> Le 1 déc. 2017 à 00:54, Xiaodi Wu via swift-evolution 
> <swift-evolution@swift.org> a écrit :
> As I wrote in the earlier thread, I think this is the wrong way to reason 
> about the use case--and a counterproductive one that effectively rejects the 
> legitimacy of dynamic language interop support instead of working towards an 
> optimal solution for it. Along those lines, some replies to your message 
> literally question whether the user case is worthwhile to support at all, 
> which I think entirely misses the mark.
> As Chris writes in his proposal, there are several areas (such as data 
> science) where, to put it plainly, Python or another dynamic language is 
> significantly better than Swift due to a much larger ecosystem of libraries, 
> tools, and user communities, with sometimes decades of lead time. It is 
> nonsensical to talk about how Swift is "supposed to be better" in any way 
> whatsoever in that context. As diehard Swift users, we may be confident that 
> the virtues of Swift's syntax, static typing, compiler smarts, protocol-based 
> design, or whatever else offer opportunities for, say, data science libraries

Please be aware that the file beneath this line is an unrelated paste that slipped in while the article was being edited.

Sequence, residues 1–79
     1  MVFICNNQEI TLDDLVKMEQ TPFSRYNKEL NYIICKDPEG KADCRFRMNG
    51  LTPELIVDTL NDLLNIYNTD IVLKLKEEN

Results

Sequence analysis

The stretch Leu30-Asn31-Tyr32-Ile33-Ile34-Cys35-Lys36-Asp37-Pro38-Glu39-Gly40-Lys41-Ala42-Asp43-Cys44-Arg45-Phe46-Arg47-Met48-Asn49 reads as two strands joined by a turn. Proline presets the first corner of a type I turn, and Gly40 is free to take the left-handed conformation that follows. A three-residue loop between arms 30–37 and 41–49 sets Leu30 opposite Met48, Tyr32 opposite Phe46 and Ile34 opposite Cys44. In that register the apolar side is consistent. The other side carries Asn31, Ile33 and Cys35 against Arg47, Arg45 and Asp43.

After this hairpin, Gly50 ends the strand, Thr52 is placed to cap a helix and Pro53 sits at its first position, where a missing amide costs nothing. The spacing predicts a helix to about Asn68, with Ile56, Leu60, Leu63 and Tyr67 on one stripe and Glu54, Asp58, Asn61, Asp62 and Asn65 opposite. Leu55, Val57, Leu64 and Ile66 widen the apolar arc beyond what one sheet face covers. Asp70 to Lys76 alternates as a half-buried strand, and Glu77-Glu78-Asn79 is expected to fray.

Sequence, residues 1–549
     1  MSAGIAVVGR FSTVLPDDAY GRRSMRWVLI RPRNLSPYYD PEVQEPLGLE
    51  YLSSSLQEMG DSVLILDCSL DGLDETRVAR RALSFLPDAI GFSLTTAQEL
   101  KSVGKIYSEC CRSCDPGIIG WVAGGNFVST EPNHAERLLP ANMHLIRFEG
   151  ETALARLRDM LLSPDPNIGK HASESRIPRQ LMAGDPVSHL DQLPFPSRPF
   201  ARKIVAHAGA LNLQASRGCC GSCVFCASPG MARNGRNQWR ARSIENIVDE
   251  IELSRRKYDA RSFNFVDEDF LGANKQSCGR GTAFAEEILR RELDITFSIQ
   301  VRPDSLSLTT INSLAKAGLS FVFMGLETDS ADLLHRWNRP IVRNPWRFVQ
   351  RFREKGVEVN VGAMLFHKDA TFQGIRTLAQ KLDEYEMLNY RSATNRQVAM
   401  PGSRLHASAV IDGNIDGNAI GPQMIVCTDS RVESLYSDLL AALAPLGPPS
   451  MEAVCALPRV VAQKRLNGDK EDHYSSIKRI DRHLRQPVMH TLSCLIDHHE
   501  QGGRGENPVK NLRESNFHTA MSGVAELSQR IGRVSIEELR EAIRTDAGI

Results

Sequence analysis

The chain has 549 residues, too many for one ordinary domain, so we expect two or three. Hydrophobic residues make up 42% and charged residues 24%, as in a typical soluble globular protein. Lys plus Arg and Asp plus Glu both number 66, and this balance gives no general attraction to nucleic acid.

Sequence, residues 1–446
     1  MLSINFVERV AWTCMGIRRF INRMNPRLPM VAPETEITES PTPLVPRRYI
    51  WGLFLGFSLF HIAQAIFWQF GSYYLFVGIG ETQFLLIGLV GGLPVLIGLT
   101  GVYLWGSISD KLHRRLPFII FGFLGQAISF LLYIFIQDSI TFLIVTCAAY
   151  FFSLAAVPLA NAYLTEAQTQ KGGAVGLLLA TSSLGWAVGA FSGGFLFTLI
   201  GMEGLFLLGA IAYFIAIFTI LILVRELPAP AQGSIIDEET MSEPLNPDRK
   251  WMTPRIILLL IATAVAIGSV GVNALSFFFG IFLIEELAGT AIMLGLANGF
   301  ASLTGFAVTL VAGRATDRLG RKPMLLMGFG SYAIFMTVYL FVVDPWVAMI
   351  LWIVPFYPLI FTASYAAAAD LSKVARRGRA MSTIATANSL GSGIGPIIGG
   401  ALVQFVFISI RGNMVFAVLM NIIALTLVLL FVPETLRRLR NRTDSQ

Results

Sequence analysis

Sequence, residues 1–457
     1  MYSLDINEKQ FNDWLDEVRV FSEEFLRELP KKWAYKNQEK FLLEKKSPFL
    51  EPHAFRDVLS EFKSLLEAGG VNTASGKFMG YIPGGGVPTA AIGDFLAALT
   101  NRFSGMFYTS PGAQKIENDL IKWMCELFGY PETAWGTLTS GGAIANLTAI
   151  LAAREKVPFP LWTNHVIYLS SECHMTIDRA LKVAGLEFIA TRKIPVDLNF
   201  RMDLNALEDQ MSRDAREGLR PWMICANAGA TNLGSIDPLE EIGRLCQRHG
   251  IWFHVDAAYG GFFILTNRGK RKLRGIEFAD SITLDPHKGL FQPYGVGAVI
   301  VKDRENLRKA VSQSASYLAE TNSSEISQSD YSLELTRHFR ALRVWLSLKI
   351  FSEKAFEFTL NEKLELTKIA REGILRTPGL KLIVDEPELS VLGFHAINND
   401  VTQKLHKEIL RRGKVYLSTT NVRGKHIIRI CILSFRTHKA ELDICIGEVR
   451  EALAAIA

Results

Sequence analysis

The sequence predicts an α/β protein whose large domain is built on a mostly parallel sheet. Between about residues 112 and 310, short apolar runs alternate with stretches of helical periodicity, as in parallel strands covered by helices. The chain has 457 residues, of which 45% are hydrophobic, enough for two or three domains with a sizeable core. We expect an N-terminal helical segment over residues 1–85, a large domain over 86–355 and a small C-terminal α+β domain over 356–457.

> and tools to be better in the future, eventually. But to make this even 
> possible involves first making Swift a viable language in which to work with 
> current data science tools. Your top bullet point here reasons that one key 
> flaw of Chris's proposal is that he has not somehow figured out how to make 
> dynamic Python calls give compile-time Swift errors. If this is the minimum 
> bar for Python interop, then as far as I can tell, it seems isomorphic to 
> rejecting interop with dynamic languages altogether.

Hello, I agree with this reasoning.

Unless I miss the point, I see C. Lattner's proposals, function calls and 
member lookup,  as a very restricted interface to dynamic languages. They do 
not aim at embedding dynamic languages into Swift at all, and let users write 
long Python/Ruby/JS programs in Swift.

For example, "real" python would need list comprehension, generators, 
async/await, etc. Such features are clearly out of scope of the proposals.

We can thus expect serious programs that use those features to process in three 
steps: 1 turn Swift values in foreign values, 2. process foreign values with a 
restricted foreign API, 3. turn computed foreign values into Swift values. It's 
all about using good tools when needed.

In this context, I too am concerned with retroactive conformance. If it were 
forbidden, it would make it very clear where the dynamic scope starts and ends:

        // Input
        let swiftInt: Int = 12

        // Enter Python
        let pyInt = Python.Value(swiftInt)
        // Python code
        let pyResult = pyInt.someFunc()
        // Back to Swift
        if let swiftResult = Int(pyResult) {
                // proceed

Gwendal Roué

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